Puerto Rico has always existed at the margins of the empire; a nation where people have always had to fend for themselves knowing that the empire constructs a narrative in which we are a burden to cover up the reality that we are a resource to exploit. Diasporicans are moving heaven and earth to call attention to the urgent humanitarian crisis unfolding on the island. Many of us are academics and are trying to make use of our collective knowledge and memory of best practices for relief efforts. We are reminded of when the tsunami hit the Philippines people donated used clothes and shoes, tying up volunteers and increasing pollution with unwanted goods. We have witnessed sufficient disasters to know that money is the type of assistance that does the most good. It enables local organizations on the ground to obtain the goods that are immediately needed, and it is the fastest way to get help to an island that, as Trump stated, “is surrounded by water. Big water. Ocean water.” Del árbol caído todo el mundo hace leña (Of the fallen tree everyone makes firewood). Faith in the Puerto Rican state is a fallen tree. Politicians are doing what local politicians do: getting camera time, not solving many problems, and making promises. These same politicians fail to recognize the state’s failure. The state ceased to be functional long ago, and the hurricanes have made this fact more evident. Celebrities rally to donate and garner aid to Puerto Ricans.

Diasporicans are trying to help their sick and elderly family members to leave the island, get their young kin into schools, and try to reconfigure life in multigenerational households in a nation that denies and reproaches them. I fear for those new to life in the mainland; their trauma from the colonial disaster will be met with more trauma of the racist and xenophobic kind. Some Puerto Ricans remain invested in the narrative of citizenship, crying to the federal government, “Are we not US citizens too?” This question is met with the resounding silence of a racist, imperialist government that has never cared about us.

Comedor social Barrio Playas en Añasco. Isa Rodríguez Soto

When I talk with my compañeros from the Solidarity Brigade, a grassroots aid organization that formed after the hurricane to provide immediate relief, we discuss the small gains. For example, Raquel calls me to say, “We managed to clear a section of the 108 road. Now the elderly couple can get their cars out to go and obtain fuel for the generator. His wife depends on an oxygen tank.” Sombra calls to let me know, “Hey, I checked on Sheila’s father in Hormigueros. He is fine. Who else is on the list of those whose family members abroad have not been able to reach? He is trying to access their houses and check on them.” Eury and Zuli decide to do their clown act at the town square so the kids can be distracted from the hunger and pain even if just for a little while. These are gestures and efforts that do not attempt to be pretentious; they are micro-efforts of the people helping the people (solo el pueblo salva al pueblo). These hearts that us brains have left behind (to take from Ana Lydia Vega’s essay) are the ones clearing the roads, preparing food for our abuelitos, and reinventing a nation from the remains of the oldest colony in the Western hemisphere.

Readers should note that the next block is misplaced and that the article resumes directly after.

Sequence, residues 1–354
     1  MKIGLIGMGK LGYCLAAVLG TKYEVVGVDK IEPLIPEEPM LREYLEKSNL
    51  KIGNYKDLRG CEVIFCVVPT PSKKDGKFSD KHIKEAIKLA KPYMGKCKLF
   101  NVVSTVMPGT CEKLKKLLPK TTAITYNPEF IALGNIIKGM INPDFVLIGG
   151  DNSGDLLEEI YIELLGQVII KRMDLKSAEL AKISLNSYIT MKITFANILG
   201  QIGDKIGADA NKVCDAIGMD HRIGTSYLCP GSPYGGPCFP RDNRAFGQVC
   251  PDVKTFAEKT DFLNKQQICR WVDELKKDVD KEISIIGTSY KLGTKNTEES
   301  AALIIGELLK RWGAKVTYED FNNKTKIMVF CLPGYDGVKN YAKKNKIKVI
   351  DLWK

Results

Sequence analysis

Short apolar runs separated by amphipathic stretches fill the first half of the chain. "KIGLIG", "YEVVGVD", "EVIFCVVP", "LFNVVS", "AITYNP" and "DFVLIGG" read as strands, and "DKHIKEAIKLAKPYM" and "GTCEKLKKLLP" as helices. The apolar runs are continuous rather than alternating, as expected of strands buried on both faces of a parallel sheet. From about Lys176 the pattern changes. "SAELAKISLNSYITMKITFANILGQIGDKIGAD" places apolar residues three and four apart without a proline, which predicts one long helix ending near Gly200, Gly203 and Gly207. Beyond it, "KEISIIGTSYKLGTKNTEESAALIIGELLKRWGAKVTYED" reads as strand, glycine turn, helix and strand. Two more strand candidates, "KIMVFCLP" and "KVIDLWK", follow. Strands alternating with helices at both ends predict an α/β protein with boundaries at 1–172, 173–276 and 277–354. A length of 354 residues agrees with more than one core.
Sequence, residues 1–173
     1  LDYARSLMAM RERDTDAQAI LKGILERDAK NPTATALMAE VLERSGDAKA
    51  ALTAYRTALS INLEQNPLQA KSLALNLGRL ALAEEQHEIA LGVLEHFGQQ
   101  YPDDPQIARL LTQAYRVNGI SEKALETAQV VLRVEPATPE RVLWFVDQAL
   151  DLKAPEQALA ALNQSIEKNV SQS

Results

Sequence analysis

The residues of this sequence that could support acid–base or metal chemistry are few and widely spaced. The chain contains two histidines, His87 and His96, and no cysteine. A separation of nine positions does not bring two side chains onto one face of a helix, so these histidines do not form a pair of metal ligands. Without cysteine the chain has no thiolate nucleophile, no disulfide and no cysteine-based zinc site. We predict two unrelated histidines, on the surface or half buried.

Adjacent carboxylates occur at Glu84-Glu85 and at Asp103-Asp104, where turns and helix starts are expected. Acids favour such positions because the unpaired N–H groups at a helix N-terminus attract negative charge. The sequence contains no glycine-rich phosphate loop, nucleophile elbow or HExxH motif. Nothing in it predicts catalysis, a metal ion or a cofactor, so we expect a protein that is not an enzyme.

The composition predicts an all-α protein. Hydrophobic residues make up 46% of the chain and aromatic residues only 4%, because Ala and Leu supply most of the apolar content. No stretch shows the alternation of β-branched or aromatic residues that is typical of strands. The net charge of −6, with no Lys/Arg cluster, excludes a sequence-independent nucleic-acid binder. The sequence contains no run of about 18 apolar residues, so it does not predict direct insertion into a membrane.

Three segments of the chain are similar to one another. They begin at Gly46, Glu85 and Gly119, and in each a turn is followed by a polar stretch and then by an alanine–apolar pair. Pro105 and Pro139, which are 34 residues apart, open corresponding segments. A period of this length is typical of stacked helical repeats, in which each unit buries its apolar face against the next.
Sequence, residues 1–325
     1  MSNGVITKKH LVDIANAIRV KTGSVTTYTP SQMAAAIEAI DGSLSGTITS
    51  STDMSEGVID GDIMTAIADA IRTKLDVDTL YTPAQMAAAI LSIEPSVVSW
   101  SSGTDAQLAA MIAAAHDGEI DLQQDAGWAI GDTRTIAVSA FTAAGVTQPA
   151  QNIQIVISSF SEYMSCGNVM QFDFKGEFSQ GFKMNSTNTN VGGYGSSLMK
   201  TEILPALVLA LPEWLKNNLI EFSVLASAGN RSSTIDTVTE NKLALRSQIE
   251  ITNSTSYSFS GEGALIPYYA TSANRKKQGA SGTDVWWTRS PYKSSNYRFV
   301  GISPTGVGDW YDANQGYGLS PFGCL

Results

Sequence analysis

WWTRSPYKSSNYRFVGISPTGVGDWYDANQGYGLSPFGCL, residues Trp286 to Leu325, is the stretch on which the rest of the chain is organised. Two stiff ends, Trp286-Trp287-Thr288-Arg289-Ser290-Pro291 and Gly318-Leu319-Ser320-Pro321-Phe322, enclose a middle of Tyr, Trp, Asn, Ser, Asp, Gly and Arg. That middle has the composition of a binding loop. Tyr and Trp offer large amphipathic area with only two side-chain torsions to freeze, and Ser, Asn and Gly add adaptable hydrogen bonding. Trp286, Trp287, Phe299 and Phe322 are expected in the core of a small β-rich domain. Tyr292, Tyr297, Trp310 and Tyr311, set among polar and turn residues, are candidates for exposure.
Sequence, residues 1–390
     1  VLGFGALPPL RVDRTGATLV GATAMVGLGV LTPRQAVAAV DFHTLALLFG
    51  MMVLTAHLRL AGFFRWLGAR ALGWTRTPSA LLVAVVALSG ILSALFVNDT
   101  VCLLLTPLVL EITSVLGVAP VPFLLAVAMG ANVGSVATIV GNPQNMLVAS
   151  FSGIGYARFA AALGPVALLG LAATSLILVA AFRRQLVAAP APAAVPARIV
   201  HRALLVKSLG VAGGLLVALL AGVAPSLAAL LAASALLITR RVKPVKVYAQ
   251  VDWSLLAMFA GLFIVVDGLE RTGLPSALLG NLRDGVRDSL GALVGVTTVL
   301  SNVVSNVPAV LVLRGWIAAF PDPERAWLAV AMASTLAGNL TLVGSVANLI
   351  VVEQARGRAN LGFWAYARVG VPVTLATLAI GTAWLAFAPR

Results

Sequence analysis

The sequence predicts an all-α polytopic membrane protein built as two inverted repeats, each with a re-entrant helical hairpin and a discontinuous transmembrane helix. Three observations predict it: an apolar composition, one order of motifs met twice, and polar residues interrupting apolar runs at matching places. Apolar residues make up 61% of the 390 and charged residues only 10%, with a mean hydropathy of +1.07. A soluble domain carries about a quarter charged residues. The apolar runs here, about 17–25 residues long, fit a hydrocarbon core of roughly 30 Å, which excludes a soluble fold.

Decolonization has been the aim for many of us. This catastrophe evidences that decolonization is not something we ask for. It is not something initiated by the oppressor. Decolonization is an act, it is a state of being, it is an exercise not a plea. Since the Puerto Rico Oversight, Management, and Economic Stability Act (PROMESA) was signed, which basically handed over Puerto Rico’s finances to corporate interests in the United States without the people’s consent, we have been in the midst of decolonial process. The aftermath of this hurricane is a new and difficult part of it. We need accountability and transparency, but in true Boricua form, we know we should not expect it. We will demand accountability while simultaneously auto-gestionando (self-managing) our communities. Communities that are not bounded by that “big water.” These communities stretch the entire globe, and wherever Diasporicans live, there Puerto Rico lives. The road to recovery will be long and arduous. After the camera crews have left, after Trump is done insulting us, and after the headlines are gone, reconstruction and reinvention efforts across the 78 municipalities by grassroots aid groups such as the Solidarity Brigade will continue. The struggle will continue.

Isa Rodríguez Soto is an assistant professor of anthropology at the University of Akron.

Cite as: Rodríguez Soto, Isa. 2017. “Colonialism’s Orchestrated Disasters in Puerto Rico.” Anthropology News website, November 27, 2017. doi: 10.1111/AN.711